“WILLIAMSBURG, VIRGINIA, Tuesday, May 6.5 “Hon. E. M. STANTON, Secretary of War:

“I have the pleasure to announce the occupation of this place as the result of the hard-fought action of yesterday.

"The effect of Hancock's brilliant engagement yesterday afternoon was to turn the lest of their line of works. He was strongly re-enforced, and the enemy abandoned the entire position during the night, leaving all his sick and wounded in our hands. His loss yesterday was very severe.

"We have some three hundred uninjured prisoners, and more than a thousand wounded. Their loss in killed is heavy. The victory is complete. I have sent cavalry in pur.


"The conduct of our men has been excellent, with scarcely an exception.

"The enemy's works are very extensive and exceedingly strong, both in respect to position and the works themselves. **Our loss was heavy in Hooker's Division, but very little on other parts of the field, " Hancock's success was gained with a loss of not over twenty killed and wounded.

“The weather is good to-day, but there is great difficulty in getting up food on account of the roads. Very few wagons have yet come up.

"Am I authorized to follow the example of other generals, and direct the names of battles to be placed on colors of regiments ? “We have other battles to fight before reaching Richmond.

"G. B. MOCLELLAN, “ Major-General Commanding."

The enemy retreated beyond the Chickahominy, to which stream the cavalry pursued then, finding no fortifications, but capturing some prisoners and guns.

There is but little doubt that the battle of Williamsburg was, on the Federal side, one of the most poorly managed actions of the war. The place was strong and well fortified, and if the enemy fought there at all, he would, it was to be supposed, do so in great force. Hence he should have been attacked by the main body of the Union army. Instead of this, however, the battle was commenced and fought by different corps, without concert of action, and without any general order. The cavalry of Stoneman overtook the enemy's rear-guard, under circumstances which forced the enemy to send back his infantry, already far in advance, to rescue them. Hooker attacked, and was severely handled. Kearny came to his rescue, outranked him, and continued the battle, which was sustained by the operations of Hancock. General McClellan did not arrive on the field until the hardest fighting of the day was ended. In the night, the enemy resumed his retreat. The Union loss was several thousand men, and the enemy had gained time for his trains to move on.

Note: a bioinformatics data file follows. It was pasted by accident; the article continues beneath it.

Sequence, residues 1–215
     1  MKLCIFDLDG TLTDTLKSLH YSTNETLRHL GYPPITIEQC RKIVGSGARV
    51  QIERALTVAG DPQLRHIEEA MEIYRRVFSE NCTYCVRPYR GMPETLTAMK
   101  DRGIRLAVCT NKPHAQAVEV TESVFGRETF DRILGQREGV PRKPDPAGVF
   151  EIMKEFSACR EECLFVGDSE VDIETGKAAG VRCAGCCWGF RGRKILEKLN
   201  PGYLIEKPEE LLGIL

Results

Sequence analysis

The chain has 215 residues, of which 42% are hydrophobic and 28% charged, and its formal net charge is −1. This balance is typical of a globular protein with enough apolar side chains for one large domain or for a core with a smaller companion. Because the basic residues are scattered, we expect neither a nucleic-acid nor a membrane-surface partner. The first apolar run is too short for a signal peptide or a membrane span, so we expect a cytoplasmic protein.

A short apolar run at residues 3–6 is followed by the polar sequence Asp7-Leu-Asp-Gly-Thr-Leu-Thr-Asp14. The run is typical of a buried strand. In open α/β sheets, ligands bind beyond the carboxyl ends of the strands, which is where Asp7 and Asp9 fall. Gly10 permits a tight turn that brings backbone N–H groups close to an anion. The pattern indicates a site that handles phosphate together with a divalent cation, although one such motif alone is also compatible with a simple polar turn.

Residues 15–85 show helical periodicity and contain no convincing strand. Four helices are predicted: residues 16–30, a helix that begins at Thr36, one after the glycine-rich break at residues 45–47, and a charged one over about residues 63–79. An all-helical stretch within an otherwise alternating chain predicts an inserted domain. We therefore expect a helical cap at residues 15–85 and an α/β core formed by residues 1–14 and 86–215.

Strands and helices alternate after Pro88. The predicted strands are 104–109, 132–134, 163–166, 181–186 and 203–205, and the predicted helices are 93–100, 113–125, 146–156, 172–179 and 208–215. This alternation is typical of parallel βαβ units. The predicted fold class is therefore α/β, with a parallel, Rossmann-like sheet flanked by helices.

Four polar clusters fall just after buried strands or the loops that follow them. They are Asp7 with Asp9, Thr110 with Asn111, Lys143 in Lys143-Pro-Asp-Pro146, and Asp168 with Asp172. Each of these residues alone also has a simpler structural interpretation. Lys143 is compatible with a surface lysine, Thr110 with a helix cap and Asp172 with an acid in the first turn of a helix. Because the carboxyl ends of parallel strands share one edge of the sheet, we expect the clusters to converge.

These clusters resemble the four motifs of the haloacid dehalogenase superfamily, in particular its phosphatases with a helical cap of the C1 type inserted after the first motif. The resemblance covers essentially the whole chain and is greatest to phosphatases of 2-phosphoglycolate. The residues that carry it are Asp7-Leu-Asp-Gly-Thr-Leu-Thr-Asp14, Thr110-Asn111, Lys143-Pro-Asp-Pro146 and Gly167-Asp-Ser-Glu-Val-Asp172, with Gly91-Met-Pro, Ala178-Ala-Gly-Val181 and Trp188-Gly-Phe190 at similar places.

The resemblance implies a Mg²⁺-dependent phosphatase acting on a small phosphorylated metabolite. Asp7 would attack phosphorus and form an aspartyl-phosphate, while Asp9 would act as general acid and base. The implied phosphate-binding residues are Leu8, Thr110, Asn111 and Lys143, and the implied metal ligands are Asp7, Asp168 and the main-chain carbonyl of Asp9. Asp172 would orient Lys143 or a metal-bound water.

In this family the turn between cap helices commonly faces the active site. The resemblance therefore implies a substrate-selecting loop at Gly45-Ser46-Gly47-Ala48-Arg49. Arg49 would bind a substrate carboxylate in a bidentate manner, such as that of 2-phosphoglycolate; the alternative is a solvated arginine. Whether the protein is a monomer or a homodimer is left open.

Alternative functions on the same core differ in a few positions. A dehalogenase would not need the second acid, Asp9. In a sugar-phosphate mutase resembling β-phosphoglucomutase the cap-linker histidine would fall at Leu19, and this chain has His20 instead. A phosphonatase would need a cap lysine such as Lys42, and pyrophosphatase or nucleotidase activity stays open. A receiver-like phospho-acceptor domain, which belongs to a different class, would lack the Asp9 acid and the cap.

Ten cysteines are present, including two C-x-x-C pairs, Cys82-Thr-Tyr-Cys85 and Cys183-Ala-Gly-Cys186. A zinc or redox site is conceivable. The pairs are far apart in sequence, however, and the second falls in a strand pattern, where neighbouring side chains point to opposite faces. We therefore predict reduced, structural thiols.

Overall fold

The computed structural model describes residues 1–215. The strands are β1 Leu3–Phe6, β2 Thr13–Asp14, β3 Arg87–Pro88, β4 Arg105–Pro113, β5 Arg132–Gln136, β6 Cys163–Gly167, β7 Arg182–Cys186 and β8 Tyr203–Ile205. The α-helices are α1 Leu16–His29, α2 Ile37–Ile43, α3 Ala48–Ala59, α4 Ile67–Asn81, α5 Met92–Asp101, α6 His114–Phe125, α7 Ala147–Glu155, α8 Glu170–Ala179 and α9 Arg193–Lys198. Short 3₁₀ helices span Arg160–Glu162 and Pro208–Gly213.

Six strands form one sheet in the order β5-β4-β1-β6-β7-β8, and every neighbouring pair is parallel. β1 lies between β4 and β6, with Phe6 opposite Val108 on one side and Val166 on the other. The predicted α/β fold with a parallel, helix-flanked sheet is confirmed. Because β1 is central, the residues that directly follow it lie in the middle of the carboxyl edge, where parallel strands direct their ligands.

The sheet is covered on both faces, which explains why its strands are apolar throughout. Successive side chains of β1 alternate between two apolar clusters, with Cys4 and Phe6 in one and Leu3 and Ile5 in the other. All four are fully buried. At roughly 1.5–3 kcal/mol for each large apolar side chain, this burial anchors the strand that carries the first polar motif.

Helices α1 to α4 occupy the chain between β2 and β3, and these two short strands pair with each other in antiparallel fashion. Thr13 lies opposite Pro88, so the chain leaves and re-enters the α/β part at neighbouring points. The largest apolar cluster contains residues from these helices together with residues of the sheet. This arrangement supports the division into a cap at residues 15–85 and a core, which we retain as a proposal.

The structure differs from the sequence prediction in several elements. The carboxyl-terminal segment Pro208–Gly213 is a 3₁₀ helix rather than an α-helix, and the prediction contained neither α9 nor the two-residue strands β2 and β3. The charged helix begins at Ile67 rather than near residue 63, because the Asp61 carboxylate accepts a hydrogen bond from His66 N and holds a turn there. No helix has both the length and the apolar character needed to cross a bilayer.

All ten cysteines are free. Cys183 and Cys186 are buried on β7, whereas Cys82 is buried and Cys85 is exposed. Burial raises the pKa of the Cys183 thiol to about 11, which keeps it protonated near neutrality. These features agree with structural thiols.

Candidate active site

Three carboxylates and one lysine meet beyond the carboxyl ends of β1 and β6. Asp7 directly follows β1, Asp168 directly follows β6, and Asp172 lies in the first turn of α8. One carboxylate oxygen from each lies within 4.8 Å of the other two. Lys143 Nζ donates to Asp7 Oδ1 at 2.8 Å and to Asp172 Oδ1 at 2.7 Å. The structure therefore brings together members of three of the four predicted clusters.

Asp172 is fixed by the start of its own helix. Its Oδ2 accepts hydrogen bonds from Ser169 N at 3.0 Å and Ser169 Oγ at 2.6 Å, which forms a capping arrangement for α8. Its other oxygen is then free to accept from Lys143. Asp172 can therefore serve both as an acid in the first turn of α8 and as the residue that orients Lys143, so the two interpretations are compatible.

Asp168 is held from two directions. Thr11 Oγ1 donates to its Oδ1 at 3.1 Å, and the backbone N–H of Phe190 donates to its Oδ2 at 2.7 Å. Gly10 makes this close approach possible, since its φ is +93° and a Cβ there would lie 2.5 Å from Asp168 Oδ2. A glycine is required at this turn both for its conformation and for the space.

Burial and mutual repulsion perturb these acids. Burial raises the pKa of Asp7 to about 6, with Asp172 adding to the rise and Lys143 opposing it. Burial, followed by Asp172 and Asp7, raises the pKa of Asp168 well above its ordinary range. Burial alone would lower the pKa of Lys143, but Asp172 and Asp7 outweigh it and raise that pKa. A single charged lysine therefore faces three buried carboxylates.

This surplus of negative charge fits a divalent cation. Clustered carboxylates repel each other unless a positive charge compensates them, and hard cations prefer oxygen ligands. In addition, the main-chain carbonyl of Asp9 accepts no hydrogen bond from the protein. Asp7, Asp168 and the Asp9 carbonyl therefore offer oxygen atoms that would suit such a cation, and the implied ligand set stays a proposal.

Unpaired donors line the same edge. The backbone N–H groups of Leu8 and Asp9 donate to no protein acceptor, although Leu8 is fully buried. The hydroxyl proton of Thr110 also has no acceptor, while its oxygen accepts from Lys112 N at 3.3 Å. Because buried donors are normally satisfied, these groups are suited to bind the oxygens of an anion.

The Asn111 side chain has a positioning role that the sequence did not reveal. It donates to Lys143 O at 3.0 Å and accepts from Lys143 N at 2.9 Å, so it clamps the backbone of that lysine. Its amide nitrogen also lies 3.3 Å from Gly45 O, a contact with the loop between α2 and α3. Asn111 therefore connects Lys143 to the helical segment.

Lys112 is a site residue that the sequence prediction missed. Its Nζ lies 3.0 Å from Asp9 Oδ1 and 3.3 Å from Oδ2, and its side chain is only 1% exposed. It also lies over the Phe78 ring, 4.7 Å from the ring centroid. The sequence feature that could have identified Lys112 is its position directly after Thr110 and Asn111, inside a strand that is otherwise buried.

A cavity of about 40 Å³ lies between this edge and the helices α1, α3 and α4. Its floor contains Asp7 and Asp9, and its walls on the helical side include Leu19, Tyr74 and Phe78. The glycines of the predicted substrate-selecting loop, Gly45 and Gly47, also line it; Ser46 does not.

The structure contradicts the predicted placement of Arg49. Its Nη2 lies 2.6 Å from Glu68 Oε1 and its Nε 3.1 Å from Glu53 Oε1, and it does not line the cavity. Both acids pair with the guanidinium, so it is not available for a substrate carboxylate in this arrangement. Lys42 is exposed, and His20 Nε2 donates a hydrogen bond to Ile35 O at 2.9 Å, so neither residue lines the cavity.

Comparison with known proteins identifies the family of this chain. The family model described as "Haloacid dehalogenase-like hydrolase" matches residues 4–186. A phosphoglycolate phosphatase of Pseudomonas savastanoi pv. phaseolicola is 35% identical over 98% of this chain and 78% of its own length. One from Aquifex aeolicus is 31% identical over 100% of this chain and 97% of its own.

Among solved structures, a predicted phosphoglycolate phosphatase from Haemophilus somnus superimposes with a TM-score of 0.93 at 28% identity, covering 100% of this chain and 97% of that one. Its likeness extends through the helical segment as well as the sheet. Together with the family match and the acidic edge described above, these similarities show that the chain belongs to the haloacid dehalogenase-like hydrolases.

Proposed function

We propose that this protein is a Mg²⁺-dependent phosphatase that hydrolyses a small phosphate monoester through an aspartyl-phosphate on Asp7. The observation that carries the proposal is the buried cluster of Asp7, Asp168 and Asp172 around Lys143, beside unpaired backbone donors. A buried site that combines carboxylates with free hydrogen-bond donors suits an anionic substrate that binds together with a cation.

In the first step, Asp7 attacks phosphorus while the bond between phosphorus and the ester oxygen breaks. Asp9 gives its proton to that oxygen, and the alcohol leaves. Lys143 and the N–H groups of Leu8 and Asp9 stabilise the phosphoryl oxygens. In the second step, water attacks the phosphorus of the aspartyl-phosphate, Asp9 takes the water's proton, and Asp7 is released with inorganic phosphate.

The division of General Franklin arrived at West Point on the afternoon of the 6th, and was immediately landed on the south side of the Pamunkey River, half a mile below West Point. The enemy disappeared on the approach of the Federal gunboats, and on the same evening, part of General Sedgwick's troops, under General Dana, arrived. On the morning of the 7th, these troops landed, and immediately advanced to drive the enemy, who were assembling in a piece of woods above. The latter, however, pressed so heavily on the left, that the Federals were forced back with some loss, until they came within range of the gunboats, the vigorous fire of which threw the enemy into confusion, and they retired. General Franklin then completed his landing, and further arrivals of troops from Yorktown and Fortress Monroe strengthened the position, which became an important base for the movement upon Richmond.